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Anecdotally, Corporations Are Sweethearts

August 15th, 2015

It really ticks me off when somebody advocating the “free market” and opposing government regulation uses anecdotal evidence as proof that somehow corporations can be counted on to do the right thing. Here’s Carly Fiorina giving a definitive example of exactly that line of drivel:

I don’t think it’s the role of government to dictate to the private sector how to manage their businesses, especially when it’s pretty clear that the private sector, like Netflix, like the example that you just gave, is doing the right thing because they know it helps them attract the right talent. What I mean by the federal government not having its house in order, the federal government is in a shambles right now.- it’s inept. The night — TSA fails 96% of the time. That’s ineptitude.

You see? Netflix does it! So, no problem! That’s like the people who claim that since Obama was elected president, racism doesn’t exist any more. Besides, I can point to a cherry-picked, completely unrelated government activity that has an unusually high failure rate, so all businesses are pretty fantastic all on their own!

Notice that when citing industry giving paid maternity leave, Fiorina cites only a few companies, but when she points to government failure, she cites percentages. And to top it off, both are examples from the extreme ends of the spectrum that she wants to dishonestly highlight.

There’s a reason that anecdotal evidence, or cherry picking, is considered a logical fallacy. Just because Netflix announced a relatively enlightened policy (the policy does not cover everyone in the company, and does not apply at all to those who work in Netflix’s DVD or customer service divisions) does not mean that “the system is working.”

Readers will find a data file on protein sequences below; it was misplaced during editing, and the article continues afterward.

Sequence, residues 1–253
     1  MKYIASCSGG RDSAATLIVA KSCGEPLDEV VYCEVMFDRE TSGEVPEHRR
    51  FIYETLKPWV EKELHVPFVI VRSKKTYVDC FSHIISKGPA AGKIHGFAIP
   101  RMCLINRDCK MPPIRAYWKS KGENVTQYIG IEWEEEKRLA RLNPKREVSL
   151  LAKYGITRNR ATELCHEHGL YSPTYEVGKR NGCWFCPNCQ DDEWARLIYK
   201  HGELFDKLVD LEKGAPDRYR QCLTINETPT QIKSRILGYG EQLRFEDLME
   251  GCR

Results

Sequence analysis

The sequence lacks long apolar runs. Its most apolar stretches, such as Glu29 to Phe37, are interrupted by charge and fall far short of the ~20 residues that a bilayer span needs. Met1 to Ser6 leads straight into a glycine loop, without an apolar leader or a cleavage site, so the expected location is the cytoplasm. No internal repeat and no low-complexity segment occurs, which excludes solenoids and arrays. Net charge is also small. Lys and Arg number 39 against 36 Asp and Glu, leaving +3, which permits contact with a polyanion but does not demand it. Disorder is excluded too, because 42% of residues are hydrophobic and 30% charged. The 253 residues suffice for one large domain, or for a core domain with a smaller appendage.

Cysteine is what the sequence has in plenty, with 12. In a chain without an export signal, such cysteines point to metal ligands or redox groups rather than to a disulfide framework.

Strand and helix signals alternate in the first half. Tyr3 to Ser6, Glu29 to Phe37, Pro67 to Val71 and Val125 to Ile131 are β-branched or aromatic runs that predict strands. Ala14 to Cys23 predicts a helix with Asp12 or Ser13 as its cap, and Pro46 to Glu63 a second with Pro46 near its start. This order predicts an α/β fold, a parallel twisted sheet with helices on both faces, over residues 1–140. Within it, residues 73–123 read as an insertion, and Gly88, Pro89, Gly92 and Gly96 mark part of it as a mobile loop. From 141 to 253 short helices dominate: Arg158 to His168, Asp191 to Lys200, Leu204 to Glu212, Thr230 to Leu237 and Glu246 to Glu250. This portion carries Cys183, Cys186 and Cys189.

Even though there is a federal mandate to provide leave for companies with 50 or more workers, and some states, like California, have stronger mandates (which have shown to be overwhelmingly positive for companies), only 13% of workers have access to any kind of paid leave at all. That’s a failure rate of 87%, even after federal and state mandates. Before the mandates? Only 2% of workers had access to paid maternity leave. A failure rate of 98%. That’s what happens without government regulation—that’s how the industry “attracts talent.”

What was that you were saying about “ineptitude,” Carly?

  1. Anonymous
    August 16th, 2015 at 04:50 | #1

    The truth is these govt regulations which Fiorina and others criticize or direct responses to years and years persistent and repeated corporate abuses. The EPA, a favorite lightning rod for Republican criticism, was created to make corporations pay for years of extensive environmental damage.

    Fiorina is partly right in that the govt “should not have to regulate” corporate abuses and inequities; corporations should regulate themselves.

    Progressive corporations like Apple and Netflix are setting positive examples; unfortunately, however, those companies represent the exception rather than the rule.

    On a completely different note (although the term Right Wing “cherry picking” applies), check out this article on the IKEA beheading in Sweden that has the anti-Islam radical Right Wing’s unties in a knot:


  2. Luis
    August 16th, 2015 at 10:10 | #2

    It seems strange that people expect an area of society defined by the relentless pursuit of profit above and beyond any other consideration to somehow “regulate” itself. That’s kind of like putting murderers, rapists, and thieves in a prison with no guards and no walls, and expecting them to “regulate” themselves.